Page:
Adjective "bode" definition and examples

(Bode may not be an adjective, but it can be used as an adjective, click here to find out.)

Pronunciation

/bəʊd/

Definitions and examples

verb

Be a portent of a particular outcome.
  1. with object 'the 12 per cent interest rate bodes dark days ahead for retailers'
  2. 'And reports this week that he has taken charge of deciding transfer targets do not bode well for McCall.'
  3. 'This consideration does not bode well for the vitality of the art community.'
  4. 'This shirking of my writing does not bode well for my prospects when I get a ‘real’ job.'
  5. 'A number of key social trends emerged in the latest Census data which don't bode well for the region.'
  6. 'Most likely not, but it does bode well for a lot of smaller pictures to gain some much needed attention.'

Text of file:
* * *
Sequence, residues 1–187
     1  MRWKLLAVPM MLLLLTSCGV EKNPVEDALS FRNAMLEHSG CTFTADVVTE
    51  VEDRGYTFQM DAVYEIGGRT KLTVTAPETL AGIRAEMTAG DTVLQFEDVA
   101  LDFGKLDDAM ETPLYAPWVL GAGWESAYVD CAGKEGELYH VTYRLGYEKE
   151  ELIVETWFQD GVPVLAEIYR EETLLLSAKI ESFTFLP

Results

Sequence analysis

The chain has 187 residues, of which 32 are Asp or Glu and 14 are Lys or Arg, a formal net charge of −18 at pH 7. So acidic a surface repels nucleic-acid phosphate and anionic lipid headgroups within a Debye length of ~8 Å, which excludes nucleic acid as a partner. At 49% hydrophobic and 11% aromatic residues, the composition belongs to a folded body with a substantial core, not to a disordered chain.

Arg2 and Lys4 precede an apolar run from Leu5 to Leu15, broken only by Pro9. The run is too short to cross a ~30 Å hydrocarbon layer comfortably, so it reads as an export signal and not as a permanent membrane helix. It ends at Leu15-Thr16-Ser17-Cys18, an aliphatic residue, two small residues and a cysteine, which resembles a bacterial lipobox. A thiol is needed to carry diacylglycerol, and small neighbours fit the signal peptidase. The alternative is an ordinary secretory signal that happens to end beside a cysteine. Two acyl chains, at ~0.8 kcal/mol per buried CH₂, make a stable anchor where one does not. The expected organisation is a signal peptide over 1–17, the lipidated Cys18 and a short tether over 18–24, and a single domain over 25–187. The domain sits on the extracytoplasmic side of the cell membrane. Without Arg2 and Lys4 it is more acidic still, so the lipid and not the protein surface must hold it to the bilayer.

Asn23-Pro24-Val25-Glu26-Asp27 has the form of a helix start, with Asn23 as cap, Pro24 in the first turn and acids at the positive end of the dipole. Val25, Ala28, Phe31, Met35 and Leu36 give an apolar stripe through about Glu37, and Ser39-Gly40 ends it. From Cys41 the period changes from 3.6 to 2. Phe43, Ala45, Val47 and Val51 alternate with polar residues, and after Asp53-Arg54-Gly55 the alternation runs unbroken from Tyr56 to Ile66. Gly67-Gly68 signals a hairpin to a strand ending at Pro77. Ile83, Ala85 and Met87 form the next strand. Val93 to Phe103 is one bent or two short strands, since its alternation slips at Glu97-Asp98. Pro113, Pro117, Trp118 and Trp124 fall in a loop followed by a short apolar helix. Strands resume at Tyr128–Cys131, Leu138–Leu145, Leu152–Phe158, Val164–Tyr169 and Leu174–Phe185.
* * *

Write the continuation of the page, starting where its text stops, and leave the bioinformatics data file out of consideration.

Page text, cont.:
7. 'This internalised focus does not, however, bode well for future economic development of the community.'
  8. 'The player has passed through four rugby league teams in a professional career that has lasted just six years, which does not bode well.'
  9. 'That would bode well for businesses should the court consider the issue again.'
  10. 'Both are key inflation readings which bode well for interest rates and the economy.'
  11. 'While there are risks with such little home equity, this does bode well for their financial futures.'

More definitions

1. to be an omen of; portend: The news bodes evil days for him.

2. Archaic. to announce beforehand; predict. verb (used without object), boded, boding.

3. to portend: The news bodes well for him.

More examples(as adjective)

"scenes can be bode."

"co-operations can be bode."

"capabilities can be bode."

Origin

(bode)Old English bodian ‘proclaim, foretell’, from boda ‘messenger’, of Germanic origin; related to German Bote, also to bid.